A man of ability whose capability outshone any disability his sight loss may have caused him.
This is the overriding sentiment being expressed by people in NCBI who knew, worked with and respected the late Des Murphy, well known advocate for people with impaired vision.
Des’s long connections with NCBI came about in the mid 70s when he himself made contact with the charity as his sight deteriorated. Working as a Senior Public Relations Manager with Glaxo, he was curious as to what aids and devices might be able to support him in his work.
Then based in Armitage House in Lower Hatch Street, NCBI did not specifically support people with information or training on how to make best use of low vision with the help of devices.
Des saw this as a major shortcoming and thus established connections with the charity which were to be far reaching and highly productive. He led a collaborative venture between NCBI and St Mary’s School for Blind Girls in Merrion for the establishment of a low vision clinic in the school headed up by the late Bernadette Culliton.
The NCBI moved to its current Whitworth Road premises in 1988 and Des played a major part in this development as it was he who first saw the premises for sale and drew the Board’s attention to its availability.
Former CEO of NCBI, Des Kenny, has fond memories of working with the late Des Murphy. “He was instrumental in ending the “radio for the blind” advertisements on RTÉ Radio and replacing them with ads crafted by him with new wording to tell the public that the work of NCBI was more than about providing radio sets to “compensate for the loneliness and darkness” brought to people with blindness. The “wireless for the blind” advertisements were fashioned around emotive images of loneliness and helplessness in order to stimulate donations. Des Murphy believed in building images of able people who, with assistance, could have their independence maintained or restored, depending on the onset of sight loss.”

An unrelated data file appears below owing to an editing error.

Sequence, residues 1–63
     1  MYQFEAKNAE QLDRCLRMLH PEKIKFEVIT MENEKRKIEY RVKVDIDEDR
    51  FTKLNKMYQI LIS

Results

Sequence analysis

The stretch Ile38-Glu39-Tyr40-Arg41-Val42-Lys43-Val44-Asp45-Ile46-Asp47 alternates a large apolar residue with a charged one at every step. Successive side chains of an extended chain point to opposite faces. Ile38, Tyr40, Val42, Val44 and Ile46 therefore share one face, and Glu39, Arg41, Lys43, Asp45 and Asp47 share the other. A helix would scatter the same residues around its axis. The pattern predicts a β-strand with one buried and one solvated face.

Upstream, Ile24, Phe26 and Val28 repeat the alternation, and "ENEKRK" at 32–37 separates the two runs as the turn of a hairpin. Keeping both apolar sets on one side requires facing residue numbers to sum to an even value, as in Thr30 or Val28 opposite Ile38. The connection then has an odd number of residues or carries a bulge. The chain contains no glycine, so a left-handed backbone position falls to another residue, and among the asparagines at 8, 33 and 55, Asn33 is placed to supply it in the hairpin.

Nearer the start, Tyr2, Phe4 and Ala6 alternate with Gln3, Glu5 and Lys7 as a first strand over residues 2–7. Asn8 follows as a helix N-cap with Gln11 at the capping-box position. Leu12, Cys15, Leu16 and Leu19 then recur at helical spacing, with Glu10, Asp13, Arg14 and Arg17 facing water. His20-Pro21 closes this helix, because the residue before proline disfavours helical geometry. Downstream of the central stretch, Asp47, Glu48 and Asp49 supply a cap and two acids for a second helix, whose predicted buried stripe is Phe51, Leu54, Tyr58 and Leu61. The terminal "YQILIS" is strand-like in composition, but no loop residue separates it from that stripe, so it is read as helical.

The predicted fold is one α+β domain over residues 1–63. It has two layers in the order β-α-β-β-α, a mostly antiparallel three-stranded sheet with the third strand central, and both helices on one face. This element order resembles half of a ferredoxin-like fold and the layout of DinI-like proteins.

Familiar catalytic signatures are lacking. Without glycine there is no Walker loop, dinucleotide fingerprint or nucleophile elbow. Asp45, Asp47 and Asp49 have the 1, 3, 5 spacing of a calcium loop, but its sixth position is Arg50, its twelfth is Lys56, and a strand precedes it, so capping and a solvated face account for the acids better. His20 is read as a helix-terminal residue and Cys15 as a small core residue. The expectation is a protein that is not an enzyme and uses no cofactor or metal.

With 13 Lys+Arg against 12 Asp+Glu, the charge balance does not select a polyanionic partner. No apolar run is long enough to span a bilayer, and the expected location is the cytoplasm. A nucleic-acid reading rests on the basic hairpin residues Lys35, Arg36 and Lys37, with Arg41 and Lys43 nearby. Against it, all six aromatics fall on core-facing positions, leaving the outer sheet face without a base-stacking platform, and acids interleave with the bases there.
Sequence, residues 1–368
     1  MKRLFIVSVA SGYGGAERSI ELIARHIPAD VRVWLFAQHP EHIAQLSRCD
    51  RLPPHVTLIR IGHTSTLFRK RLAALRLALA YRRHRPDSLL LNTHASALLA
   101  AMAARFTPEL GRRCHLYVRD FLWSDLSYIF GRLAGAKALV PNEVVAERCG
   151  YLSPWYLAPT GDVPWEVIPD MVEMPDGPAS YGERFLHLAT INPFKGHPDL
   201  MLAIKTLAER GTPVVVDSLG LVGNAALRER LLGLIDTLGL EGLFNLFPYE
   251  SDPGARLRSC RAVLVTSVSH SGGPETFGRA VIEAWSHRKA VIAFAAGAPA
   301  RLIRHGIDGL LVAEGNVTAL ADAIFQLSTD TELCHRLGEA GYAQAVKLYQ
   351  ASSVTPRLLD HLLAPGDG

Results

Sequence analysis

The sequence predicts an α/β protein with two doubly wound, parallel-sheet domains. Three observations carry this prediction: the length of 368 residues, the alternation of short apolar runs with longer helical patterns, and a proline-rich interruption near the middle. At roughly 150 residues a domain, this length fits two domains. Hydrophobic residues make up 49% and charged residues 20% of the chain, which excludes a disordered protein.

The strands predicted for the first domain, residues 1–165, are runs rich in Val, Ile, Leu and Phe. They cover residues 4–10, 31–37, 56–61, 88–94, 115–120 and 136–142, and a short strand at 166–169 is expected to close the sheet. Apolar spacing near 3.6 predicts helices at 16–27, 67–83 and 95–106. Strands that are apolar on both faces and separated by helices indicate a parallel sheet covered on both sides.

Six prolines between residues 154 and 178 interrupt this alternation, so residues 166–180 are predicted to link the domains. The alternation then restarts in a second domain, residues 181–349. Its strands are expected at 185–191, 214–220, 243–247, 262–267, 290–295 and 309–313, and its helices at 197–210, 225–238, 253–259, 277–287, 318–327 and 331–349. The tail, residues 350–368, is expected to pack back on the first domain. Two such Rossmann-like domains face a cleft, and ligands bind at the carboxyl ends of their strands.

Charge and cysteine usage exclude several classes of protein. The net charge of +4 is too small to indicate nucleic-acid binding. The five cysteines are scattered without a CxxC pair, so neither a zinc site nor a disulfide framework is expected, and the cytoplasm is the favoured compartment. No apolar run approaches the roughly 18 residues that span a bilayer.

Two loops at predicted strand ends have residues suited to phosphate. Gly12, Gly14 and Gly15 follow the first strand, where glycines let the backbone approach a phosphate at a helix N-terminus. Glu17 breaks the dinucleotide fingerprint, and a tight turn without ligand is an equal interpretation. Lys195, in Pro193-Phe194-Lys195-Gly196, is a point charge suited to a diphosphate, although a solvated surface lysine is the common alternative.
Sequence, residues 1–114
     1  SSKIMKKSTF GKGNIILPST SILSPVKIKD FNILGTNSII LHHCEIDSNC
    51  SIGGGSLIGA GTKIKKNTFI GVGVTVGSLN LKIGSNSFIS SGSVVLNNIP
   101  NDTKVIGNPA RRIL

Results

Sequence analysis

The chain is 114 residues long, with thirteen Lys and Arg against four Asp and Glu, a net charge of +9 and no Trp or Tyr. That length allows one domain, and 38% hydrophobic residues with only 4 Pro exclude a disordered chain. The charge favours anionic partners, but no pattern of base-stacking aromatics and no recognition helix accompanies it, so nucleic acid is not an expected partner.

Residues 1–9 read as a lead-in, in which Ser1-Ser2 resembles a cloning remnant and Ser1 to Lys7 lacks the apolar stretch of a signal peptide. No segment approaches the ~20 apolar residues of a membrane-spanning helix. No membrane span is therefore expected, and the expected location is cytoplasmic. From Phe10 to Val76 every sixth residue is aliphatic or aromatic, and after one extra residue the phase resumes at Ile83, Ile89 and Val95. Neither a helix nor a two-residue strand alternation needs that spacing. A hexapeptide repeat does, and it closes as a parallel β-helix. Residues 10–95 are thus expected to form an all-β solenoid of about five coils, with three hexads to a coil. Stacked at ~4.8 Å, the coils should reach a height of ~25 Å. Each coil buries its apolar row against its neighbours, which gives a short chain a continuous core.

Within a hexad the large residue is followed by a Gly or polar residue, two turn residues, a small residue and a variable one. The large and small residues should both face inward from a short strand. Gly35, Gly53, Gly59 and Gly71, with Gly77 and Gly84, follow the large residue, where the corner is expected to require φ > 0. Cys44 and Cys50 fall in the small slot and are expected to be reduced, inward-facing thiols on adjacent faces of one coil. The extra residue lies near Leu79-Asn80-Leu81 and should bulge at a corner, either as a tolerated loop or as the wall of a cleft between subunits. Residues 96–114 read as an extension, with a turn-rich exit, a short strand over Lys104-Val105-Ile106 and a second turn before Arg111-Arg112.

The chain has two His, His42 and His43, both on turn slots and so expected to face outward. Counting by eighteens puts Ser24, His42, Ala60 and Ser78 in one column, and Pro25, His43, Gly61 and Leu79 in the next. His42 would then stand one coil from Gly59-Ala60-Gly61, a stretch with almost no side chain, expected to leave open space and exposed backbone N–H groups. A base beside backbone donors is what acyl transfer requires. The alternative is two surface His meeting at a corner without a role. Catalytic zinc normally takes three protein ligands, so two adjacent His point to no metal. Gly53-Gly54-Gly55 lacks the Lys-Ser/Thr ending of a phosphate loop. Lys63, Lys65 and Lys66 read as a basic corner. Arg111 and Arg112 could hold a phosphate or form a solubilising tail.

“He was an active volunteer who used his own experience of managing with his own considerably reduced vision, to interpret and to work for a new future for NCBI when it was moving from just a “care” service to one which also would embody the rehabilitation and technology tools to support a person’s self-fulfillment as an active and valued participating member of society.”
Fiona Kelty, Access and Awareness Coordinator with NCBI worked closely with Des Murphy for some years. She recalls his dedication saying it has resulted in far reaching and lasting improvements in the lives of people with sight loss. “Out of all the voluntary work that Des did for NCBI and people with impaired vision generally, one thing in particular has had continuing nationwide relevance. He took Dublin City Council to the Equality Tribunal for turning off the audible signals at pedestrian crossings in the city centre, and won his case — on the grounds that he had previously been able to get around the city independently.”
“The main gain was that DCC agreed that they would not switch off or remove audible signals, and that whenever they were installing pedestrian crossings, in future, they would ensure that they were sufficiently far apart so that sounds from one audible crossing could not be confused with sounds from another. DCC also committed to meaningful consultation and communication with NCBI before making decisions about pedestrian crossings.”
“Des was on the Board of NCBI for many years, and continued to be involved in access issues for many years after he resigned from that position. I asked him to replace me on the Disability Focus Group of the Community Forum, which he did for some years. He was also an advocate for NCBI on the Bus Éireann Users Group, for many years. Unfortunately, due to failing health, he eventually had to resign from these positions, but remained interested, although no longer so active. I was very sorry to hear of his death.”
This is echoed by all of us in NCBI who knew and worked with Des Murphy. His shadow is a bright one.